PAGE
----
Prime Minister Singh’s misplaced effort to reclaim Sardar Patel’s secular legacy is ridiculous, to say the least. Sardar Patel would have been horrified by the incumbent regime’s declaration that Muslims have the first right on national resources. He would have never allowed differential treatment to terror suspects because of their religious identity. Sardar Patel’s commitment to secularism would not have permitted him to use state funds to subsidise the Haj pilgrimage and madarssas. He would have been on the side of martyred Delhi Police inspector MC Sharma of Batla House fame, and not his killers.

Following are excerpts from a speech Sardar Patel made in the Constituent Assembly. The issue under consideration at that time was the system of reservations for minorities in legislatures.

“Here a proposal was brought forward by one friend from Madras, for reservation and for communal electorates. Now when the separate communal electorate motion was moved, it was supported by the great Muslim leader, who swore loyalty to the Constitution in this House and immediately after packed off to Karachi. He is now carrying on the work of the Muslim league on that side. He has left a legacy here — a residuary legacy perhaps in madarssas.

“Those who claim that in this country there are two nations and that there is nothing common between the two, and ‘that we must have our homeland where we can breath freely’, let them do so. But those who still have that idea that they have worked on it, that they have got it and therefore they should follow the same path here, to them I respectfully appeal to go and enjoy the fruits of that freedom and to leave us in peace.

“There is no place here for those who claim separate representation. Separate representation, when it was introduced in this unfortunate country, was introduced not by the demand of those who claim to have made those demands, but as Maulana Muhammad Ali once said, it was a ‘command performance’ that has fulfilled its task and we have all enjoyed the fruits of it.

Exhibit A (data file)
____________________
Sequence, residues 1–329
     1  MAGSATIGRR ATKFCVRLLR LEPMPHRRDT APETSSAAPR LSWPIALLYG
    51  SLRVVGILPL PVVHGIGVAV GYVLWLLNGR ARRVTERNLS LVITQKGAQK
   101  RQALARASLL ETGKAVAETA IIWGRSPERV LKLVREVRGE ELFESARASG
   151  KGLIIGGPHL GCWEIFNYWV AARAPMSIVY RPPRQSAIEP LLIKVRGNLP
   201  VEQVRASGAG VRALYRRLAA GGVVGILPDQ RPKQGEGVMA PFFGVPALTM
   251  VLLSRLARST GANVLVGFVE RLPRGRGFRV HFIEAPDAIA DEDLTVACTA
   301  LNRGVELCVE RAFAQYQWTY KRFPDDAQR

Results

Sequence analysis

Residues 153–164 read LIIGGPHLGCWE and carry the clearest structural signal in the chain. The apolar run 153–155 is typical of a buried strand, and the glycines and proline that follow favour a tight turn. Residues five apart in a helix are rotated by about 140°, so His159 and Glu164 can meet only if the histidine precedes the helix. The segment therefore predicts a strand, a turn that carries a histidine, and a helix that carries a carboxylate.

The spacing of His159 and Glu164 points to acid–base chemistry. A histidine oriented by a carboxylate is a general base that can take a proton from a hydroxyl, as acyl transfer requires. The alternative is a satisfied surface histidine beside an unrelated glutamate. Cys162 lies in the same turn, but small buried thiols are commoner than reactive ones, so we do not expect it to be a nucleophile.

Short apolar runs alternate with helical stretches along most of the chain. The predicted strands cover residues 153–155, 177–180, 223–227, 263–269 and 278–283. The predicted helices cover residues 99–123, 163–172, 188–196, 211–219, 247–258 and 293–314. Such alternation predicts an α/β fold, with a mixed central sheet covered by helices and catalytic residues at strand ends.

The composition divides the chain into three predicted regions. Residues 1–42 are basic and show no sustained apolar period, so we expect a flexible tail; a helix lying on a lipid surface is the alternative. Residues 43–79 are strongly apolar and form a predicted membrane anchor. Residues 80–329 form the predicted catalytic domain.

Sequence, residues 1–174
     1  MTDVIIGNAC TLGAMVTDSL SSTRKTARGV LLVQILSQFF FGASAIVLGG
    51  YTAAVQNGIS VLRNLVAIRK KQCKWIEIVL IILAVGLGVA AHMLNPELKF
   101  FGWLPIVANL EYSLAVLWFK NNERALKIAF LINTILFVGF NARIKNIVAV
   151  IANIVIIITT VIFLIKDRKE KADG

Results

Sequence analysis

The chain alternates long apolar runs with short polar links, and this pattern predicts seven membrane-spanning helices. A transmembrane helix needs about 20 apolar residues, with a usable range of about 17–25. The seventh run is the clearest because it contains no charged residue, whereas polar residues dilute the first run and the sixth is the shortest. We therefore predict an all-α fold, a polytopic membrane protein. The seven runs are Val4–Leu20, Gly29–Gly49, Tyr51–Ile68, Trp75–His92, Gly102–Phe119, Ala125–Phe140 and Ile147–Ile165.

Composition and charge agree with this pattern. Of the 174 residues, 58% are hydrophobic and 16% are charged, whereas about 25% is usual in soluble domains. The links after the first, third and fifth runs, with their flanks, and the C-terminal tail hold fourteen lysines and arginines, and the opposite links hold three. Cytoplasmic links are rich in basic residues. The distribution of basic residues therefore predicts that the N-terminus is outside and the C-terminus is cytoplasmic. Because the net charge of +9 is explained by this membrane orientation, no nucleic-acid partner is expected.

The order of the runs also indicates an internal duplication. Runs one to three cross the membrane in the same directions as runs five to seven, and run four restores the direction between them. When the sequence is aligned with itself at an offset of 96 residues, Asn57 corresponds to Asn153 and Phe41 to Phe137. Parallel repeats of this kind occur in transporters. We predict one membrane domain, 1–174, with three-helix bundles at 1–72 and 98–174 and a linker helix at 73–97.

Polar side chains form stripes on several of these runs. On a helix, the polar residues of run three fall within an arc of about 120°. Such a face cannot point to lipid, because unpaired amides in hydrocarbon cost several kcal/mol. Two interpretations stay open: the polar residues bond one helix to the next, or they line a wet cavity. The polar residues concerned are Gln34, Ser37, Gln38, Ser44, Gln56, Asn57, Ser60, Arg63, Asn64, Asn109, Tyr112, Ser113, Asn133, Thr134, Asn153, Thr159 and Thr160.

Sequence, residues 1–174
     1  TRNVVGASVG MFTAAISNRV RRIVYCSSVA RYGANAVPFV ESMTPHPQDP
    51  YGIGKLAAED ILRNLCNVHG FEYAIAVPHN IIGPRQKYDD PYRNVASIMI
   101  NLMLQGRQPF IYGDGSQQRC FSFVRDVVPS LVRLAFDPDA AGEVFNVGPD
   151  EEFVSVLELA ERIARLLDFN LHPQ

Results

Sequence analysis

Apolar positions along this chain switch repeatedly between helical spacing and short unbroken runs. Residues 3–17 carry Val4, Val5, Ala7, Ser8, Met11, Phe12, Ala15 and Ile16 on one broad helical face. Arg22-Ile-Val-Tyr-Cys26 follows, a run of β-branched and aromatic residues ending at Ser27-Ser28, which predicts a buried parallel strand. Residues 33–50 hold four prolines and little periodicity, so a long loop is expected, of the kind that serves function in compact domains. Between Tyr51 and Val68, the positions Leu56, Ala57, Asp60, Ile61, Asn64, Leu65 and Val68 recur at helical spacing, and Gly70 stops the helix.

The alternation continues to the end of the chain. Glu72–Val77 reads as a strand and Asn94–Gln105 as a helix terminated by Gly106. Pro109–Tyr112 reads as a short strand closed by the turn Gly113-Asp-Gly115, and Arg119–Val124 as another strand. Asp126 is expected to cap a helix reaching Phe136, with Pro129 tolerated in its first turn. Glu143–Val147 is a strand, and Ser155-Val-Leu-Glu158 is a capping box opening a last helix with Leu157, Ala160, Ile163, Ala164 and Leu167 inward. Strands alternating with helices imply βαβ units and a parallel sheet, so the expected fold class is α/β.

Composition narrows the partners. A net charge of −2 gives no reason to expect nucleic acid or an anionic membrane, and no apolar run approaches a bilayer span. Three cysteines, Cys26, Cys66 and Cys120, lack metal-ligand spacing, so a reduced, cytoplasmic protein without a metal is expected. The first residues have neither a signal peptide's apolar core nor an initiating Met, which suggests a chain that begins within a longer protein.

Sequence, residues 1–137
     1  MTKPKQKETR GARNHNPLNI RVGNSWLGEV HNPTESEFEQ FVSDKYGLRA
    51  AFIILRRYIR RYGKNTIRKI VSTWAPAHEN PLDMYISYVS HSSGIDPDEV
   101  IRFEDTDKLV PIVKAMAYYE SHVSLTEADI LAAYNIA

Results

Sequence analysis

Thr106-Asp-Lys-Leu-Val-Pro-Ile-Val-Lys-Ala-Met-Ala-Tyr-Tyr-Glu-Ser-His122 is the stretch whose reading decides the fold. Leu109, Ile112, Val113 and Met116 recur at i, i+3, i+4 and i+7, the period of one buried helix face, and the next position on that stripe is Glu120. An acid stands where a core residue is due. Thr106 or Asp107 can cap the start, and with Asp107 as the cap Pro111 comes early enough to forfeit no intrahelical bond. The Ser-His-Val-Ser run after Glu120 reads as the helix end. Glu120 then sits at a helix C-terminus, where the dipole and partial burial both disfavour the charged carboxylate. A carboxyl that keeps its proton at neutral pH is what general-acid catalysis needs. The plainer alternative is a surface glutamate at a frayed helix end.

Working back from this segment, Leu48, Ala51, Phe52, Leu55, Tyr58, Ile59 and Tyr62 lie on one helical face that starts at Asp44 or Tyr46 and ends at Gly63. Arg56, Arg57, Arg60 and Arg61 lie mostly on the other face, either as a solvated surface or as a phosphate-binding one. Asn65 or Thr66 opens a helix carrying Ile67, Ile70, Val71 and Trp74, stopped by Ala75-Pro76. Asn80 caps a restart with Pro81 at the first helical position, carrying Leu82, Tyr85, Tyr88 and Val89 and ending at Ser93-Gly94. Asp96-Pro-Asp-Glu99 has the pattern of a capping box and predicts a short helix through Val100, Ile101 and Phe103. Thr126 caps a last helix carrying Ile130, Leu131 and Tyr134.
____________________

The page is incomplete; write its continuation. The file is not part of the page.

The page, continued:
“A minority that could force the partition of the country is not a minority at all. Why do you think that you are a minorityIJ If you are a strong, well-knit and well-organised minority, why do you want to claim safeguards, why do you want to claim privilegesIJ It was all right when there was a third party: But that is all over. That dream is a mad dream and it should be forgotten altogether. Never think about that, do not imagine that anybody will come here to hold the scales and manipulate them continuously. The future of a minority, any minority, is to trust the majority.

“We are changing the course of history. It is a very heavy responsibility that is on us and, therefore, I appeal to every one of you to think before you vote. The future shape of this country as a free country is different from the future that was contemplated by those who worked for partition. Therefore, I would ask those who have worked for that to note that the times have changed, the circumstances have changed and the world has changed and that therefore they must change if they want salvation.” 

On all the major issues —Kashmir, China, Hyderabad and status of minorities in independent India, the Sangh parivar was on the same page as Sardar Patel and continues to be so. Naturally, he is an icon for the parivar. No wonder Narendra Modi is building his statue, billed to be the tallest in the world, in Gujarat.